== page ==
Brokenshire allocates extra £90m to health and education in Northern Ireland
An extra £90 million has been allocated to health and education services in Northern Ireland, James Brokenshire said.
School principals had faced making "impossible" budget cuts while funds covering NHS nurse training have been under pressure and doctors have threatened to leave the public system due to problems with GP care.
With powersharing stalled in Northern Ireland there are no ministers to take decisions and civil servants have been running public services.
The Northern Ireland Secretary has stepped in, using civil service advice to reallocate budget money, taking into account extra funding provided in the Chancellor's Spring Budget.
The total of extra money is worth £131 million for everyday services as well as capital infrastructure expenditure. That compares to an overall spending package worth more than £10 billion.
It includes money carried forward from last year's budget and an increase in rates income, the tax paid by property owners, plus a reduction in welfare reform costs.
The bill for Assembly members at Stormont, which has not sat in months, has also reduced slightly.
Mr Brokenshire said: "While agreement remains possible, it is clear that an Executive will not be capable of being formed before the autumn.
"During that time pressures will continue to build, particularly in health and education services.
"And so, as I set out in my written statement on July 11, I consider it necessary to provide further clarity to support Northern Ireland permanent secretaries in addressing those pressures, maintaining public services and continuing to uphold the commitments arising from the Stormont House and Fresh Start Agreements."
The extra money includes £60.1 million for health and £30 million for education.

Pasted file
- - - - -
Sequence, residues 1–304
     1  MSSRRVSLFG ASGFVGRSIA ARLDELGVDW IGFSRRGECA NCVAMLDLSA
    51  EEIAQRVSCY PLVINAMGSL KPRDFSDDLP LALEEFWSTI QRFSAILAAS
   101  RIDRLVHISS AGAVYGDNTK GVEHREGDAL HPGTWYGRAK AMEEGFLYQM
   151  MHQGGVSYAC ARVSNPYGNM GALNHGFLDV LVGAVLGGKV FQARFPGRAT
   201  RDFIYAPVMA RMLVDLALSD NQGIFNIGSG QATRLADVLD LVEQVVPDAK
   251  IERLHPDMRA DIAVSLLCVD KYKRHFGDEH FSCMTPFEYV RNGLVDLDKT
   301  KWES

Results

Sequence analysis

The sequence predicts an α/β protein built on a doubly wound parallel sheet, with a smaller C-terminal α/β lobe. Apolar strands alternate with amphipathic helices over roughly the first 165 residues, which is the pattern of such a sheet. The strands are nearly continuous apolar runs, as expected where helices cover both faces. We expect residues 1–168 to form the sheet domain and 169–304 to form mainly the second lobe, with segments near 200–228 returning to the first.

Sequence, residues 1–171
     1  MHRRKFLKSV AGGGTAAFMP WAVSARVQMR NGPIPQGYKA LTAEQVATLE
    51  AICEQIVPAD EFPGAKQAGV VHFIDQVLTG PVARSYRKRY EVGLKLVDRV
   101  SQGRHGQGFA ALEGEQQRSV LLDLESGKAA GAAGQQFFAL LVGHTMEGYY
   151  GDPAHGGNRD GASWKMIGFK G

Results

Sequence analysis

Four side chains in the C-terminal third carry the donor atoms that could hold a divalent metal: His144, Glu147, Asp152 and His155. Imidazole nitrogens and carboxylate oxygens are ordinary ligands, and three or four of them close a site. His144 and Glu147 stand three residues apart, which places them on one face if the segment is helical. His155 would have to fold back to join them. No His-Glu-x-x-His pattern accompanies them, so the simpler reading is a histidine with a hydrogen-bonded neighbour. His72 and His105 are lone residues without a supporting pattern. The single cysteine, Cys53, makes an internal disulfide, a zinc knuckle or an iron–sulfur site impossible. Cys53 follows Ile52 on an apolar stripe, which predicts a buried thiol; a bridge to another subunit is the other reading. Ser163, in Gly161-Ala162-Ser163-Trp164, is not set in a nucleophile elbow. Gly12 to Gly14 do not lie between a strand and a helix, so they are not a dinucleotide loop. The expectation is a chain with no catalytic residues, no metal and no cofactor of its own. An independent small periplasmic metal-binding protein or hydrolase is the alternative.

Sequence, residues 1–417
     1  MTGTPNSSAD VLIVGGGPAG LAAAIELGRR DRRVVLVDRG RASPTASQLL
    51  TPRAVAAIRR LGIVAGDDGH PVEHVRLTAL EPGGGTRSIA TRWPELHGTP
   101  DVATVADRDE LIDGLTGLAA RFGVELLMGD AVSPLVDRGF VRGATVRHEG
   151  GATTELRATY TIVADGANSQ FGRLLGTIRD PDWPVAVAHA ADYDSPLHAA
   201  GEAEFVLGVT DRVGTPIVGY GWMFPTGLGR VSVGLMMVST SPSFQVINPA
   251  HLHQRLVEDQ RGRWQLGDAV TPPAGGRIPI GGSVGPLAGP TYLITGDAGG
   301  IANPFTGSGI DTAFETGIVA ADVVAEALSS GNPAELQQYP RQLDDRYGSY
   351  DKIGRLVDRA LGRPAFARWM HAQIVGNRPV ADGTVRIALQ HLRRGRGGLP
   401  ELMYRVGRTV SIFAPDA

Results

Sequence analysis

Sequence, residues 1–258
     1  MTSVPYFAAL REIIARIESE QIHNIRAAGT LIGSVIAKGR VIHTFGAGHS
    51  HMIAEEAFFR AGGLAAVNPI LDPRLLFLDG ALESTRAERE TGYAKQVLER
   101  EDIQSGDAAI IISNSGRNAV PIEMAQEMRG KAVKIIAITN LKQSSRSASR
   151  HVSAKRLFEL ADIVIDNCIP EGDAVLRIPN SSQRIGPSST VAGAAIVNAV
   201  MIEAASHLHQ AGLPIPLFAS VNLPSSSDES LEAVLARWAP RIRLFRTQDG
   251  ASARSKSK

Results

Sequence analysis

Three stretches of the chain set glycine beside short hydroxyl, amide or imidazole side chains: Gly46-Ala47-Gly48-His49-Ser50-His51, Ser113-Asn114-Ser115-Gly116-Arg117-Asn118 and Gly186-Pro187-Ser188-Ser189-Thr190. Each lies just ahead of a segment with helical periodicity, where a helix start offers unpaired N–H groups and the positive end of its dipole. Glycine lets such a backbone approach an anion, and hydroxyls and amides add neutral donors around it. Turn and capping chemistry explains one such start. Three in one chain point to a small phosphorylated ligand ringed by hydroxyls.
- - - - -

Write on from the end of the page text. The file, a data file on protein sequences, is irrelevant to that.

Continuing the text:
The allocations do not include an extra £1 billion pledged to Northern Ireland as part of the Conservatives' deal to ensure DUP support at Westminster.
Mr Brokenshire added: "This Government recognises the unique challenges faced by Northern Ireland as a result of its distinct history and geographical position.
"However, a restored Executive will need to agree how it wishes to allocate these funds to projects within the priority areas."
He said the Government had ultimate responsibility to uphold political stability and good governance in Northern Ireland.
"Accordingly, I reaffirm that the UK Government remains prepared to take forward legislation at Westminster to give authority for the expenditure of Northern Ireland departments should an Executive not be restored in the autumn.
"If resolution continues to prove intractable beyond that point, we will take further steps to provide the necessary political decision-making in the best interests of everyone in Northern Ireland."
Devolved ministers in Belfast have not taken up their posts for months after Sinn Fein pulled out of the institutions.
Late deputy first minister Martin McGuinness resigned in January in protest at the DUP's handling of a botched green energy scheme which threatens to cost the taxpayer millions extra.
Alliance Party deputy leader Stephen Farry said real damage to the economy and public services had already occurred.
He said: " Major investments and reforms have been delayed in the absence of any devolved Executive.
"Bearing in mind the tight public expenditure context, every day entails opportunity costs in terms of any strategic approach to spending decisions and frustrates efficiency and effectiveness in terms of spending decisions."